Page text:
Uber unveils flying taxi prototype at Elevate summit
Having held the Uber Elevate summit in Los Angeles this week, the company further revealed plans to develop and deploy its own air taxi network by 2023.
During the conference, Uber unveiled its prototype for the air taxis. Set to be powered by fuel, these taxis will be cheaper, quieter and more efficient to run than traditional modes of airborne transport.
Known as UberAIR, the travel solution will work similarly to Uber’s existing automotive ride hailing service, where users will be able to request an air taxi to appropriate locations that have been referred to as skyports.
The service is forecast to begin in 2023 in Los Angeles and Dallas, whilst the company will now also look for a third city to deploy the service in at launch, having opened up a competition for international cities to compete in the way of secure this after the firm had retracted from its aim of testing in Dubai in 2020.
With Uber looking to leverage the expertise of a number of aerospace engineers in creating its network of flying taxis, the company announced at the summit that it had signed a new agreement with Karem Aircraft to develop the electric vertical takeoff and landing capabilities (eVTOL).
The air taxis are expected to reach speeds of up to 200mph, travelling up to 60 miles off a single charge.
Ivy.ai’s new chatbot streamlines resources and policies
Ivy.ai, a creator of AI chatbots for higher education, is offering a chatbot that helps institutions streamline name, image, and likeness policies for athletic programmes.
This solution will allow athletic departments to dramatically reduce inbound inquiries while answering inquiries related to compliance, financial aid impact, how-to documents, and best practice training videos.
It will allow institutions to condense information in a way that is easily accessible and eliminates the need for student-athletes to read complicated manuals. Institutions can also engage with student-athletes via a real-time feedback loop to see which topics truly matter and what needs further clarification. This allows administrators to be proactive and provide a competitive edge in recruiting.
Helping institutions connect their students with information
“Athletic departments at colleges and universities are overwhelmed by the challenges posed by the name, image and likeness legislation,” said Mary Frances Coryell, Vice President of Strategic Alliances and Partnership.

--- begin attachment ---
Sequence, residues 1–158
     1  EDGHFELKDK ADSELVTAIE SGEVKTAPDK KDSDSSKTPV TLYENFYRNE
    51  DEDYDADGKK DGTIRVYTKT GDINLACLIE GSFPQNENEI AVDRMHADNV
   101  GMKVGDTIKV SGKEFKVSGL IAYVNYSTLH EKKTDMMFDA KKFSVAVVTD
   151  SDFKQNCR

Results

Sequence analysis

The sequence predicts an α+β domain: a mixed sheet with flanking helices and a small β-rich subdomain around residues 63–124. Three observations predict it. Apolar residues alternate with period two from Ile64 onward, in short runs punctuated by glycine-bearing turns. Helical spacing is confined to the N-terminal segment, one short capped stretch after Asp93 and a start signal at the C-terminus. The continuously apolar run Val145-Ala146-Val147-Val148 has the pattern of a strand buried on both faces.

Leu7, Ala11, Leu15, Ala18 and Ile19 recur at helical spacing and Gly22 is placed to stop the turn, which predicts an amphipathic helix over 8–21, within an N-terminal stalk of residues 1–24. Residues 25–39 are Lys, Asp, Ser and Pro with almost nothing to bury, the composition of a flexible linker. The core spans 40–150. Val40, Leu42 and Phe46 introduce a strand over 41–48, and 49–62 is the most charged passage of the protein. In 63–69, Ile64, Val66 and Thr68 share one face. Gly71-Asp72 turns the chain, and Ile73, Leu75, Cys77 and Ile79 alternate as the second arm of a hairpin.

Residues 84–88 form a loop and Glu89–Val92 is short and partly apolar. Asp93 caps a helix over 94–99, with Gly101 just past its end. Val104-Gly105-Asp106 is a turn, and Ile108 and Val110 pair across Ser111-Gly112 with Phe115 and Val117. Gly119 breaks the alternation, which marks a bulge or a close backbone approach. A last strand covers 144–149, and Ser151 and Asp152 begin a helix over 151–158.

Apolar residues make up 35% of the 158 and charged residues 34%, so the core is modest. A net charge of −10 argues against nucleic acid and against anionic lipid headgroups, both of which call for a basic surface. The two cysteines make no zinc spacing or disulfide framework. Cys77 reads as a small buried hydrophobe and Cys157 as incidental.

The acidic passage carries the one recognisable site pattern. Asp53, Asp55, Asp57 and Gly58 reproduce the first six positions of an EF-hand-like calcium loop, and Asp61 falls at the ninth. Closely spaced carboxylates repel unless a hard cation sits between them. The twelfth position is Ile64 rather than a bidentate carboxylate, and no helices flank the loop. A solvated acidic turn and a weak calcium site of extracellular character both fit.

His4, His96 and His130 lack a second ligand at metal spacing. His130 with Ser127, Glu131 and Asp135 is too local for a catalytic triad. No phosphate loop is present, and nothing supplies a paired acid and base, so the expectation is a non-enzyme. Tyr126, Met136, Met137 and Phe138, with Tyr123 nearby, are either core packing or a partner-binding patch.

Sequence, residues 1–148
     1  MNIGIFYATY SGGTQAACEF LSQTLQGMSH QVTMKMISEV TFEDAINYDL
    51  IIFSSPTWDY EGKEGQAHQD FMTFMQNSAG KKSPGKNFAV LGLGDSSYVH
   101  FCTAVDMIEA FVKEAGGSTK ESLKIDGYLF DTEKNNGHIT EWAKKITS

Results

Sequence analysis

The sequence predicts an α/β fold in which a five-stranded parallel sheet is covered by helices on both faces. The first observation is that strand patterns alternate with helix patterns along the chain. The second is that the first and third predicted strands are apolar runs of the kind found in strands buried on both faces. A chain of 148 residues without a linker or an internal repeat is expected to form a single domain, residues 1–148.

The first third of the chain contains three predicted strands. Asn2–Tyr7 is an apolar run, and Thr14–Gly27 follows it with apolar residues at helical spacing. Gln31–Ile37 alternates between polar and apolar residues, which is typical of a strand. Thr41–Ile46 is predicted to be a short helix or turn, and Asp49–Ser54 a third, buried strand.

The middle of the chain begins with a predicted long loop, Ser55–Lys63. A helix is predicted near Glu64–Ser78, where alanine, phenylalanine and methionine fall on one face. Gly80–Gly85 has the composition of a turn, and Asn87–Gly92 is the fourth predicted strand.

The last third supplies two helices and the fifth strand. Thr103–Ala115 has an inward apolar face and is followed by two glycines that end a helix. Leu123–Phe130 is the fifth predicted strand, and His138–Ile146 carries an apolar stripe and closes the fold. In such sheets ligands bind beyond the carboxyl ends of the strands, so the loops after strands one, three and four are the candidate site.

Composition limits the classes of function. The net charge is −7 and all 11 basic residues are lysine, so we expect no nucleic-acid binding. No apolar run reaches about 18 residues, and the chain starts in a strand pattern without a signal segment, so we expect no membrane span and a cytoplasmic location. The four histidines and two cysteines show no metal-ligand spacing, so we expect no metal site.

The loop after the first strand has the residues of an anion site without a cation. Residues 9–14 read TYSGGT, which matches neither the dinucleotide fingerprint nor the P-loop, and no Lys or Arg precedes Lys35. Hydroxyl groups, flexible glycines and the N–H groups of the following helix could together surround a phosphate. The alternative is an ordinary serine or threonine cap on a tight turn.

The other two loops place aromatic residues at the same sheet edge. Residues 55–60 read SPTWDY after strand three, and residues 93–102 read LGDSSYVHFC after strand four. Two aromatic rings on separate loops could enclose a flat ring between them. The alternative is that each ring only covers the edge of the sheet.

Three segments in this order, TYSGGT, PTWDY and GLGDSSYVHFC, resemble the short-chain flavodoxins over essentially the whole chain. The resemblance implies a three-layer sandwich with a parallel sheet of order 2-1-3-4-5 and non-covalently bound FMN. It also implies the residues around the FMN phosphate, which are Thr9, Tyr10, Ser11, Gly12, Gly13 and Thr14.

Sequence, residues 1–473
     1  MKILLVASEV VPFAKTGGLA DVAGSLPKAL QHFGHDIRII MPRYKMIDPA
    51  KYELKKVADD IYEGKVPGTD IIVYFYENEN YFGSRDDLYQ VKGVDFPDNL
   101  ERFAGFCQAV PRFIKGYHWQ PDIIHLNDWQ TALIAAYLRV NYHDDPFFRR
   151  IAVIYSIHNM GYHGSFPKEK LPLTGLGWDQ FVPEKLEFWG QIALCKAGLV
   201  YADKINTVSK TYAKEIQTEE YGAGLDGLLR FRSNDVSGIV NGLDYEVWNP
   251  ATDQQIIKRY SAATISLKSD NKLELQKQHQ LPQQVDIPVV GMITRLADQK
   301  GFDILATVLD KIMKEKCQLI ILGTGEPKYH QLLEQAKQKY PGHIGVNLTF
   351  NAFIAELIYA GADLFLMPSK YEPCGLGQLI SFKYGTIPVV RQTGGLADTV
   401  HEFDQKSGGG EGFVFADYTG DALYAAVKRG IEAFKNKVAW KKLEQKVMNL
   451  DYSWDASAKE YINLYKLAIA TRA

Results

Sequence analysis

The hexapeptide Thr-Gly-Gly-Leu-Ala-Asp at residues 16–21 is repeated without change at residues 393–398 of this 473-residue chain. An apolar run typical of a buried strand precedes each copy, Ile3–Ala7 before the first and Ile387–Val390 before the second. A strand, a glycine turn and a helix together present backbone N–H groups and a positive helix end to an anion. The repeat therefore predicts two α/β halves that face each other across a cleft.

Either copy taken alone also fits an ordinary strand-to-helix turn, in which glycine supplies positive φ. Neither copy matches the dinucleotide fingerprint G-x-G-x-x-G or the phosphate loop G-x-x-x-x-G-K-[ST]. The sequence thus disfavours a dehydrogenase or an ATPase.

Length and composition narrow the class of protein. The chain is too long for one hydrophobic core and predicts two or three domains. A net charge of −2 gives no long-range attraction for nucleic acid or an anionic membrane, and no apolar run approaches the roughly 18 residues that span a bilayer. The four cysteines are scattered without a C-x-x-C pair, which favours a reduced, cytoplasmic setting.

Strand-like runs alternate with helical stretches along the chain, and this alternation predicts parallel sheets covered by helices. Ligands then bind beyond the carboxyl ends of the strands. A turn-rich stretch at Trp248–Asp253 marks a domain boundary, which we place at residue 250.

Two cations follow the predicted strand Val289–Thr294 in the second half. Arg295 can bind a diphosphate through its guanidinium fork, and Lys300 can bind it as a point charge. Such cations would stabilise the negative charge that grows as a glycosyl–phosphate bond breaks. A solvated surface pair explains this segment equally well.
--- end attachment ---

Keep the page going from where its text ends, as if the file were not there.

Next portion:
“Ivy.ai is uniquely positioned in the market to help institutions connect their student-athletes with policies and information related to NIL such as state laws, restrictions and relevant contacts. Our chatbot can digest all relevant policy information and provide answers to student-athletes at any time on any device. We expect the NIL market to move quickly, so student-athletes deserve the answers on their terms, rather than exclusively during work hours.”
Primary use cases for the chatbot include:
- Answering commonly asked questions related to name, image and likeness
- Communicate policies such as state laws, restrictions and compliance regulations
- Provide contact information for various advisors and agencies
- Connect training materials for athletes to improve their branding
- Engage in two-way reactive and proactive communication to keep policies student-centric
Back in March 2020, the company offered schools a free COVID-19 Response System, including a customisable COVID-19 Response Bot, a human-to-human live chat system and an SMS Text platform. These services are offered completely free of charge.
"The customisable COVID-19 Response Bot will help schools connect their students with important information, such as the school's operational status, where to go for treatment, and what to do to help reduce the risk of spreading the virus. We already added that information to all of our clients' AI chatbots, and we found that in many cases students needed additional support. That's why we're including our human-to-human Live Chat system in this offer. The SMS Text platform can be used to drive awareness to this communications channel for your students." said Mark McNasby, CEO of Ivy.ai.